And yeah I have traveled cross country with several hundred thousand miles. I just had cash along for the contingencies.
Yeah I kinda had to laugh at that comment. We usually had fairly new cars and think I was probably 7 years old or old enough to read. I was sitting in our 54 ford with mom and I spotted maybe a 1950 Nash with faded paint across the street with Florida plates. I go gosh how could they drive a car that old all the way from Florida? She set me straight that many people drive older cars long distances and not everyone buys a new car. Life lesson.
Fast forward about 50 years and made many a trip in high mileage cars. The only problem I ever had on the road was a headlight and a bad tank of fuel, and that car had 20,000.
Ok throw in a little road rage. We were sitting outside the police station waiting for dad to come out after filing a complaint. We had the duck boat on the roof ready for opening day and someone cut him off and the boat shifted a little. Didn’t they know we had guns in the car? Same car we won a drag race downtown Duluth in. Dad was not to be trifled with. See a guy with a duck boat, be careful.
The random shop has a two year warranty.
As said earlier, the Ford dealer has a three year warranty and it’s good at any Ford dealership.
So $2.5 k more for another year of service.
Still working on what exactly the random shop would be installing.
Will be back with updates later, hopefully.
I would just like to point out, for anyone wondering, that there is no way to check the transmission fluid on this truck - there’s no gauge or dipstick or window or anything. Really stupid design, if you ask me.
Well, there is a way to check the fluid level and condition, it just involves having access to the underside of the car. Many manufacturers have adopted this approach. There are some pros and some cons to it.
Found this on a Ford forum:
Fluid Check Procedure:
Drive vehicle until transmission is at operating temperature. Raise vehicle on hoist. Make SURE it is level. With the transmission in Park and the engine idling, remove Oil level check plug from bottom center of transmission pan as shown in Figure 1. (It is the allen head plug in the center of the drain plug. HOLD THE DRAIN PLUG WITH A WRENCH TO PREVENT LOOSENING IT!) When full, fluid should just trickle out this hole.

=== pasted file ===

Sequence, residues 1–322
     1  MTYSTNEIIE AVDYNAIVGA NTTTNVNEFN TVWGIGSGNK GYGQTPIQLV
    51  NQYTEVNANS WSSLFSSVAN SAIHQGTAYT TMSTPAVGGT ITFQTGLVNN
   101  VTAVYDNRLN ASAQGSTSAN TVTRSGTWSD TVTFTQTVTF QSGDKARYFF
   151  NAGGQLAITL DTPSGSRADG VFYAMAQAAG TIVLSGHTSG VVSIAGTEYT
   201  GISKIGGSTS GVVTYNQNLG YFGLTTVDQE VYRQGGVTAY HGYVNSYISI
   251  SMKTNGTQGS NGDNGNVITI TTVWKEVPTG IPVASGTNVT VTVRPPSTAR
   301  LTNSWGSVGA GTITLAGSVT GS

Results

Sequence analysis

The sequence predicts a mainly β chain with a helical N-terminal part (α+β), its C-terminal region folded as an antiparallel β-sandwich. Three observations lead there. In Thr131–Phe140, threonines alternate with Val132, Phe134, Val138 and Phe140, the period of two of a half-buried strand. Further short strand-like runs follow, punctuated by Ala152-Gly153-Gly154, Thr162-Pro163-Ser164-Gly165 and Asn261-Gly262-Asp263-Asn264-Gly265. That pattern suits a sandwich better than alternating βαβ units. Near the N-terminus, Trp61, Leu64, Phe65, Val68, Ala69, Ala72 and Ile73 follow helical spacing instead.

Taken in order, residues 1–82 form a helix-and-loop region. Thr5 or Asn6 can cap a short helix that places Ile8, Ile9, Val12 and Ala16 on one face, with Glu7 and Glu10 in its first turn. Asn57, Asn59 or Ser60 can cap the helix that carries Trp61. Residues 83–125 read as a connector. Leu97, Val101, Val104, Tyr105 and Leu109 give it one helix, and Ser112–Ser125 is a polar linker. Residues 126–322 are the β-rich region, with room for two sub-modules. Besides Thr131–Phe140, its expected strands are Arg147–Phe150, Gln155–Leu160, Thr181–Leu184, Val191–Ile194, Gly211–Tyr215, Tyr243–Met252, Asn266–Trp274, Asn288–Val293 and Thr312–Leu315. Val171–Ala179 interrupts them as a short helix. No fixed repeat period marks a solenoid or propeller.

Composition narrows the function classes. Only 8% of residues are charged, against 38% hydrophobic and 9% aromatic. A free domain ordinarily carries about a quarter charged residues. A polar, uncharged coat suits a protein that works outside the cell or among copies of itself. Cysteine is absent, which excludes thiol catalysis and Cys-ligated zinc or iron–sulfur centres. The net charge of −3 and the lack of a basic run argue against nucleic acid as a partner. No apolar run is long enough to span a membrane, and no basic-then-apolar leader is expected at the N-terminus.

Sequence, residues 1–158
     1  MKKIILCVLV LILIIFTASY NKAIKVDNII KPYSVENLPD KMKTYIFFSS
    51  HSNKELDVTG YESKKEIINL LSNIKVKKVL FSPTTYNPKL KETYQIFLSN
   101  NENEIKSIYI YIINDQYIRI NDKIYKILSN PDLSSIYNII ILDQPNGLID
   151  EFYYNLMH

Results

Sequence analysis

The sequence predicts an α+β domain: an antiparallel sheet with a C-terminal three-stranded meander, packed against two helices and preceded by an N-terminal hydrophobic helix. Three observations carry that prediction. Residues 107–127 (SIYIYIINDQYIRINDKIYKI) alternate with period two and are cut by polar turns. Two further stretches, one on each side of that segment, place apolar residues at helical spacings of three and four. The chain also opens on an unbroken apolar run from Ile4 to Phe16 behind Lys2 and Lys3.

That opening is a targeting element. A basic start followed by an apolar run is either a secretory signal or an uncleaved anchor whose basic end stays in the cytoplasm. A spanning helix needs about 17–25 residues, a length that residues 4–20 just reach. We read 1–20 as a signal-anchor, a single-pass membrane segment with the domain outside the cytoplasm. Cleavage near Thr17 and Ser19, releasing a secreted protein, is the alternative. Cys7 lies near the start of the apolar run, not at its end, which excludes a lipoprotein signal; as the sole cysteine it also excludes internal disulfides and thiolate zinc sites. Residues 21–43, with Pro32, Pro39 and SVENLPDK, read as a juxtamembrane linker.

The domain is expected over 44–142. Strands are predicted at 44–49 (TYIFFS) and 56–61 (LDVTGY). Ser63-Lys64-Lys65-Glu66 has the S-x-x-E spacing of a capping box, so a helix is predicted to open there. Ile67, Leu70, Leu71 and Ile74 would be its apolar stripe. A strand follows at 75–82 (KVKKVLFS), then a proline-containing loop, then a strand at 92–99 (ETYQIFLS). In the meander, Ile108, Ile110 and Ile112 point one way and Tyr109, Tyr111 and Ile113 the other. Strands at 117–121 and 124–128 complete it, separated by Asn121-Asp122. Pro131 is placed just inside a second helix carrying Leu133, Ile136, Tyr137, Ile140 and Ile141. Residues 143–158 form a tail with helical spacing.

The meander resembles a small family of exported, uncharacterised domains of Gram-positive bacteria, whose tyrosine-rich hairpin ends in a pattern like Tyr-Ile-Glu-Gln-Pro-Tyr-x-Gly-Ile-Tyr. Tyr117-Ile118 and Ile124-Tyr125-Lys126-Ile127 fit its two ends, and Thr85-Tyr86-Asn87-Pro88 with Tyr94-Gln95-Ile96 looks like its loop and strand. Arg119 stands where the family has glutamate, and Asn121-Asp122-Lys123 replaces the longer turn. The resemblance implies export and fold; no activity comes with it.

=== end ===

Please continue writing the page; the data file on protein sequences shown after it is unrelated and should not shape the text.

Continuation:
To me, this is ridiculous. You shouldn’t need your own personal shop to check a fluid level. I should add that we got this car for my 21-year-old daughter, who is fairly cognizant with checking oil and tires but I do not expect her to have this level of expertise at all. (Also, hahah, she’s in West Virginia and I do not think there’s a square foot of level ground anywhere in that state.)
I’ll just add that I saved $200 on a trans overhaul by having an independent shop do it that I hadn’t used before. It was a 12 month warranty and was supposed to be done in a week. Seven weeks later I finally got my car back. 4th gear did not work so cost me another $300 for another shop to replace the 4th gear solenoid. Three months later the trans started slipping again so paid a reliable shop another $1800 for an overhaul again.
A warranty is only as good as the shop. That’s why I said use the ford dealer. Trying to save $200 cost me an extra $2000. As the stock brokers say, your results may differ.
Same with some of the readiness monitor configurations, no practical way for the car owner to get them into the ready state other than paying a shop or dealership to do it, in order to pass emissions testing. I believe some manufacturers seem to be aware of this issue and are providing a practical method for the car owner to do this themselves. Suggest in the future to investigate these sorts of issues when choosing which make/model to purchase. Are you able to determine the transmission fluid level easily? Are you able to turn all the readiness monitors to the “ready” state?